Along with the holiday cheer, you can expect to see snow and ice in the coming months. Someone has to get rid of these hazards, and plenty of people are willing to pay for someone else to handle the problem.
You can remove ice from your neighbors' front steps, keep driveways, roofs and sidewalks clear and ensure cars are ready to drive each morning. You'll most likely need your own equipment, which can cost anywhere from around $20 for a snow shovel to $600 or more for a gas-powered snow blower. However, considering you can charge $25 to $75 an hour, you can quickly recoup any startup costs.
22. Bicycle Delivery Person
The bike messenger business is a healthy way to earn money on the side. Caviar provides food delivery from local restaurants to homes and offices, and Amazon hires bike messengers to help with same-day deliveries.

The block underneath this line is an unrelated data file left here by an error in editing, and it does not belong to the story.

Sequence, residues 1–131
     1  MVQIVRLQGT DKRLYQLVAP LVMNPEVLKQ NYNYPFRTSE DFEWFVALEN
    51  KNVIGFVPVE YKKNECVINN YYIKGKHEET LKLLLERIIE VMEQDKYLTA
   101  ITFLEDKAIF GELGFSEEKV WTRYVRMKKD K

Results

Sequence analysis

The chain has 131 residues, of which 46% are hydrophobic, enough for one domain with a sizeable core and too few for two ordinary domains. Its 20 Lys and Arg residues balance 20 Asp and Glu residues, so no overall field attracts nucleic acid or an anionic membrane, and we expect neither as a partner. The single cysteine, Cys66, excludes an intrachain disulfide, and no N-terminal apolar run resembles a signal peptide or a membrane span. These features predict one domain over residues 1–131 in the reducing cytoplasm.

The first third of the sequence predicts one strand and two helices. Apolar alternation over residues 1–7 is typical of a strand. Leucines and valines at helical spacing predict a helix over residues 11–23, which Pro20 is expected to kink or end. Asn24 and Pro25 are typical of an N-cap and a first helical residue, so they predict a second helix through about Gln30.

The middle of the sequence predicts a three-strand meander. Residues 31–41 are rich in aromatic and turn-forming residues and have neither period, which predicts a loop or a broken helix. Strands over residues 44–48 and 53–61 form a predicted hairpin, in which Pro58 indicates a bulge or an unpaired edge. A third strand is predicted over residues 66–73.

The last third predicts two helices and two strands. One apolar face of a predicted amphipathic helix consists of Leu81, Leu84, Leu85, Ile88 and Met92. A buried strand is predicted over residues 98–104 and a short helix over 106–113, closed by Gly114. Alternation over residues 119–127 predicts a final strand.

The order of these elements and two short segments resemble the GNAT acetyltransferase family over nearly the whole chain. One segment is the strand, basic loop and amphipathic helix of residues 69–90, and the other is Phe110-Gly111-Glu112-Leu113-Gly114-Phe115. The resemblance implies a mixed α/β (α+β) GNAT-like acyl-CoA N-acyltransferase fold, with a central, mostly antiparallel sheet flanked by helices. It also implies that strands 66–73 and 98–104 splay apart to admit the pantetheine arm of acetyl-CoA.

Caviar and Amazon both pay up to $25 an hour, but you'll need your own bike to sign up. Still, you can earn a significant sum working a few hours a day and stay in great shape.
23. IKEA Furniture Assembler
Assembling IKEA furniture is a skill many frustrated customers are willing to pay for. You can use TaskRabbit, Yelp or even Craigslist to advertise your services.
If you aren't sure what to charge, IKEA provides this service for anywhere from $55 to $999, depending on the value of the item, so make sure you beat the retailer's prices to attract customers.
Many small business owners need help keeping their finances in order — especially during the busy holiday season. According to the American Institute of Professional Bookkeepers, 10 percent of bookkeepers have part-time jobs in addition to their main work.